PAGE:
The Mennonite Response to the American Civil War

Will Shroyer Taylor University
Faculty Sponsor(s): Kevin Johnson Taylor University
As the civil war divided the Union in 1861, Mennonites stood on the sidelines. Mennonites practiced “two-kingdom” theology, which taught that after baptism, their identity was no longer in the worldly realm but in God’s kingdom. Two kingdom theology positioned the Mennonites in an apolitical, nonresistance stance, as bystanders to the deadly hostility of the civil war. However, as the Union became embroiled in deadly conflict, Mennonites encountered a dilemma. Demarcating a doctrinally consistent boundary between patriotism and faith in the face of lethal conflict challenged Mennonites to adapt their two-realm doctrine. Eventually, abolition served as the catalyst challenging Mennonite nonresistance conviction. Forced to succumb to nationalistic pressures or stand idle in the fight against slavery, Mennonites ultimately sought to resist the Confederacy and pursue an end to the evil of the slavery it advocated. As far as Mennonites in the South were able, they resisted enlistment in the Confederacy. Southern Mennonites who were unable to avoid conscription refused to cooperate when drafted. In the North, the Mennonite experience of the war was characterized by cooperation in place of resistance. Although some Mennonites were unable to reconcile their convictions by entering military service, they also recognized responsibility for their citizenship and found alternative ways to support the Union such as paying a computation fee or voluntarily contributing to the war effort. Nevertheless, some individual Northern Mennonites suppressed their qualms against military service and took up arms in a holy crusade for abolition. Overall, Mennonites in the civil war found ways to rise to the defense of the American nation in a manner consistent with their faith.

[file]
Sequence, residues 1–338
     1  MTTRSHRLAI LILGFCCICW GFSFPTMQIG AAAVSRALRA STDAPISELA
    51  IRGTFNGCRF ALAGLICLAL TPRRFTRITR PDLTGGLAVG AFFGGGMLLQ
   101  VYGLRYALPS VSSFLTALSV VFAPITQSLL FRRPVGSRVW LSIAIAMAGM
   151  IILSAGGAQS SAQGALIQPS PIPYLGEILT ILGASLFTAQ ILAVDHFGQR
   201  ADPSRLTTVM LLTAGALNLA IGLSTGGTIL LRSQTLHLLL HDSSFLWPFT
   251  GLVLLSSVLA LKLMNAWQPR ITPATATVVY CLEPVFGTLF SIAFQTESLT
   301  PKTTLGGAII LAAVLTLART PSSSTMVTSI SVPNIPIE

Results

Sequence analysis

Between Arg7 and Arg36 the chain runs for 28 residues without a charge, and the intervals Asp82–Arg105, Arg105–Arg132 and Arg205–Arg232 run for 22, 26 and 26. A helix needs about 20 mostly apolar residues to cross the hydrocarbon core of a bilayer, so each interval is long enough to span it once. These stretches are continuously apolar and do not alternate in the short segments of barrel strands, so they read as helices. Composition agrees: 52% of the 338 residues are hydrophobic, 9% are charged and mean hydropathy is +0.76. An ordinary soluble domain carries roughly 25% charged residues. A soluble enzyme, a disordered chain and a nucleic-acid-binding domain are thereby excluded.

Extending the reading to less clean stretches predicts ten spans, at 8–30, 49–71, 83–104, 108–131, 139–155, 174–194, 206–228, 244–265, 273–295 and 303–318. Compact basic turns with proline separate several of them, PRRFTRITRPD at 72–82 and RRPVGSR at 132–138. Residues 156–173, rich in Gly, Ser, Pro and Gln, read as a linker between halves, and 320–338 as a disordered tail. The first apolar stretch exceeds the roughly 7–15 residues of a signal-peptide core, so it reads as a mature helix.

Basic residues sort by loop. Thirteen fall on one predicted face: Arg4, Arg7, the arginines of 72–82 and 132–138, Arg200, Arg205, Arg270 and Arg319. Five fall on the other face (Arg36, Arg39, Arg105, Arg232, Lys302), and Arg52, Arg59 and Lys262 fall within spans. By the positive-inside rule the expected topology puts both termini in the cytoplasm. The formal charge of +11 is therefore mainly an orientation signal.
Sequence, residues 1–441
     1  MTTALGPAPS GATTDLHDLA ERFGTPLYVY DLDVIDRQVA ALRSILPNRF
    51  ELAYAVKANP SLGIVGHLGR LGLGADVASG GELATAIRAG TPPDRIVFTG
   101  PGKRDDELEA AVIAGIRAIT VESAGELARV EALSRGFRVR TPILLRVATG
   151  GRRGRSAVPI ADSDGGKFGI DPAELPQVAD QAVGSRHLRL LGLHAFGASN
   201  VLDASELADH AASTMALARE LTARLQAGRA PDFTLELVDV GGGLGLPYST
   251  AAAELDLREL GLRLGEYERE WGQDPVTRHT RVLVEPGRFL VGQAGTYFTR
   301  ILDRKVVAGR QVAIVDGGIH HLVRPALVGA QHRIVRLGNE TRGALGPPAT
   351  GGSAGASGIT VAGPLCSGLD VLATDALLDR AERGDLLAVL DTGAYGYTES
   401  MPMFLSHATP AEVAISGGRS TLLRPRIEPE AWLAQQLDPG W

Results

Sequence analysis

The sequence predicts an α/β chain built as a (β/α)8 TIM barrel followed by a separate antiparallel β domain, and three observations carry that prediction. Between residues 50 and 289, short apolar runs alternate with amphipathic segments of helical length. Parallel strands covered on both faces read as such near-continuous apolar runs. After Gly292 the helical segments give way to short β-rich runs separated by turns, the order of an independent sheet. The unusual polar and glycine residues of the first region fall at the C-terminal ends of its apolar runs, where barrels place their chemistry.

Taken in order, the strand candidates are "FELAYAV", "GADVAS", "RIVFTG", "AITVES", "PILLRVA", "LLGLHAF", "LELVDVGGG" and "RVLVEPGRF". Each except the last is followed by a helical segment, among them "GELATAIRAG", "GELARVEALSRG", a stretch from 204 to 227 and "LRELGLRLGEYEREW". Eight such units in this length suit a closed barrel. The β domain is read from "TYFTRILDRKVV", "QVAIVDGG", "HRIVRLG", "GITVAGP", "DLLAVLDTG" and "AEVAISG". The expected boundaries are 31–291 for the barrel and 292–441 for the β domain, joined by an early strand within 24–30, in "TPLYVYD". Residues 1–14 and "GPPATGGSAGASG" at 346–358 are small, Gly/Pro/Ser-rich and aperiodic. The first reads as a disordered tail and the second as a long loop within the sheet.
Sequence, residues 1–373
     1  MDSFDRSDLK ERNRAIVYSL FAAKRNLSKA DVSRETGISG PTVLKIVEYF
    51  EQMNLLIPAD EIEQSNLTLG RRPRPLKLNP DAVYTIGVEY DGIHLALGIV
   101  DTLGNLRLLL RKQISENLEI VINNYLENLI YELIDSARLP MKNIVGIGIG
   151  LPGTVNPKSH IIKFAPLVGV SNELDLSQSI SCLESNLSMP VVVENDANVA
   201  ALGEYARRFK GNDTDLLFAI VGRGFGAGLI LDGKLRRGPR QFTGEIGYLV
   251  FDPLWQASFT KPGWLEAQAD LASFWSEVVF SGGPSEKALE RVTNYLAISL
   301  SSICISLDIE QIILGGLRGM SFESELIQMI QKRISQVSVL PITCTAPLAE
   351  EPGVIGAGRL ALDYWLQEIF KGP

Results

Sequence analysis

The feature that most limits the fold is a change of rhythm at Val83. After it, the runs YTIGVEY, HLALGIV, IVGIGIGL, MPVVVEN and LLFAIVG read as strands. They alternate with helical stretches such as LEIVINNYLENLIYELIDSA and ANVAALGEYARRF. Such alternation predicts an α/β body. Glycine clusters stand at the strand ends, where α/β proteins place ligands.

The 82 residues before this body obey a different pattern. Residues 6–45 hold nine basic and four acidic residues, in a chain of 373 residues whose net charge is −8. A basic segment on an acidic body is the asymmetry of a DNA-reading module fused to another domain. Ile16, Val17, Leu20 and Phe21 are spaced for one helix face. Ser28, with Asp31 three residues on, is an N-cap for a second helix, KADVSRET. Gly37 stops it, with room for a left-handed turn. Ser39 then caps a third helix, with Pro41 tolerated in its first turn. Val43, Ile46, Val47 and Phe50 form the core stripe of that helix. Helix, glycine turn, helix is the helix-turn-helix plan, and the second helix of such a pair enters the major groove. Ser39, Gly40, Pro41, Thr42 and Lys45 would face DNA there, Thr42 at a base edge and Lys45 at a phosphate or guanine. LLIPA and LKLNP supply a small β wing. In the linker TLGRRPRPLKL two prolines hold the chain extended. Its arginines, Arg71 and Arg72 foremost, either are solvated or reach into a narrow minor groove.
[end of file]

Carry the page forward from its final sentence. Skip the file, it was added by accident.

Oral Presentation

When & Where

11:15 AM
Jordan Hall 278